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The temperatures page was a lot more difficult to work with than MatterControl. Simplify3D lets us add temperature controllers and point them to identifiers being used and that is a lot more detailed than MatterControl. But when you just want to change your print temps slightly it’s a little harder to figure out where to do it. Of course on the flip side of things you can actually go in and set the temperatures on a per layer basis, so you can heat things up or cool things down as you print. This makes it easy to do print tests covering a range of temps to test a new filament.

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Like the temperature tab, the cooling tab has the option to change fan speeds on any layer, not just a first layer variable like MatterControl. There are also fan overrides for layers under a specific time and for bridging. This is also where we will find the speed options for small layers aka the layers under X time variables. Like the other speed options, I’m not a fan of this not letting me set a specific speed, having to go back to the other tabs to see my overall speeds then doing the math isn’t the most convenient.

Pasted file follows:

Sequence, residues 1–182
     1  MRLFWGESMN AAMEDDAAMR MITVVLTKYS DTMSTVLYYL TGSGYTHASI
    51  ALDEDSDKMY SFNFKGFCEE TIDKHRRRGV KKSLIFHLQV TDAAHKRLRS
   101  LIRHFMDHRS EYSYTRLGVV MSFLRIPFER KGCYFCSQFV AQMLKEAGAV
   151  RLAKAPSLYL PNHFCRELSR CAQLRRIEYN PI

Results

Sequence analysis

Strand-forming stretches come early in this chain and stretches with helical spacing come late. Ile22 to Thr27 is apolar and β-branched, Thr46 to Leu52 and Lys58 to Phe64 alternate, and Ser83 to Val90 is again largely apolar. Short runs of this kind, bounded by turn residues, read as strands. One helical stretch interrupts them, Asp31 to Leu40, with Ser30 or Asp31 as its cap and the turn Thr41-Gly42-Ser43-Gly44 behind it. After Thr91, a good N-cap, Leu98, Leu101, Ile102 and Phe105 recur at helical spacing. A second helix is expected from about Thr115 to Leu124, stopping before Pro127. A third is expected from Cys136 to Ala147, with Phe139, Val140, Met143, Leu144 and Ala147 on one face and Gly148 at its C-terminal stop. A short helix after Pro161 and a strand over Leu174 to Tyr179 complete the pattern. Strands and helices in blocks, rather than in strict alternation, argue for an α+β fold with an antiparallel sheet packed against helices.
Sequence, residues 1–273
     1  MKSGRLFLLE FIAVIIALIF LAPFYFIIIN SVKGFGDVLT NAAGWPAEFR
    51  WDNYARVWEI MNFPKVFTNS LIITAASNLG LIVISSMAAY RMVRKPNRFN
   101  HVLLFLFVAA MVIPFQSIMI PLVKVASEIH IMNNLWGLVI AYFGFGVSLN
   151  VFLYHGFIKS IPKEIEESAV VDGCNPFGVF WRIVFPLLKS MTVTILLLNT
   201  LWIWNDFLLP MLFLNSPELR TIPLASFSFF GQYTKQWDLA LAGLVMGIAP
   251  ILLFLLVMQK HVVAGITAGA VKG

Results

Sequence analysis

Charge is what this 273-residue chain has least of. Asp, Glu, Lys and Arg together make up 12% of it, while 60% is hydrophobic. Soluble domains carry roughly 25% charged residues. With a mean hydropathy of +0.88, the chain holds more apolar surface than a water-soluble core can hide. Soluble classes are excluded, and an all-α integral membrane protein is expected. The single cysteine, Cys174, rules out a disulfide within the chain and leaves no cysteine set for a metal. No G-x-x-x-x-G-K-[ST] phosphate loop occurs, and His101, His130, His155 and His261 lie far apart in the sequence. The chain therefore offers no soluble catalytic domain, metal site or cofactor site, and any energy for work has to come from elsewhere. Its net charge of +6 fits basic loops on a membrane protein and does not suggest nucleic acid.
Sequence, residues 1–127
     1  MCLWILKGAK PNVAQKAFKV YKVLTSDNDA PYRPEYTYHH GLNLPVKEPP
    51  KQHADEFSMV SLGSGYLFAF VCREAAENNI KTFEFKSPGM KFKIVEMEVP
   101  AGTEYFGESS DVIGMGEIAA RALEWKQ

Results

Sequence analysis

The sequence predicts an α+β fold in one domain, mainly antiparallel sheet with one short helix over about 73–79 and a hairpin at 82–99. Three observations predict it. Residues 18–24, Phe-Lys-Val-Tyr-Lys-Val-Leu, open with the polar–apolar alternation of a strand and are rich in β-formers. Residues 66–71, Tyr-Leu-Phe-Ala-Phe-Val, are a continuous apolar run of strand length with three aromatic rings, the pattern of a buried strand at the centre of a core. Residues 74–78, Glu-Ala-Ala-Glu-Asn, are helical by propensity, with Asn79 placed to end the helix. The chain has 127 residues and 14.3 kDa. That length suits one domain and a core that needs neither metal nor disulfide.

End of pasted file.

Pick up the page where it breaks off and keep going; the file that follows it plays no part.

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The G-Code tab might be better described as a printer settings page. Here you can setup your machine definition and settings and also setup your firmware configuration options. The rest of the options are g-code variables but are all also related to your base printer configuration. Once you setup this page you most likely won’t be back in it often.

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The Scripts page is more of an extension of the previous tab. Here you can input the different scripts your printer uses for startup and ending.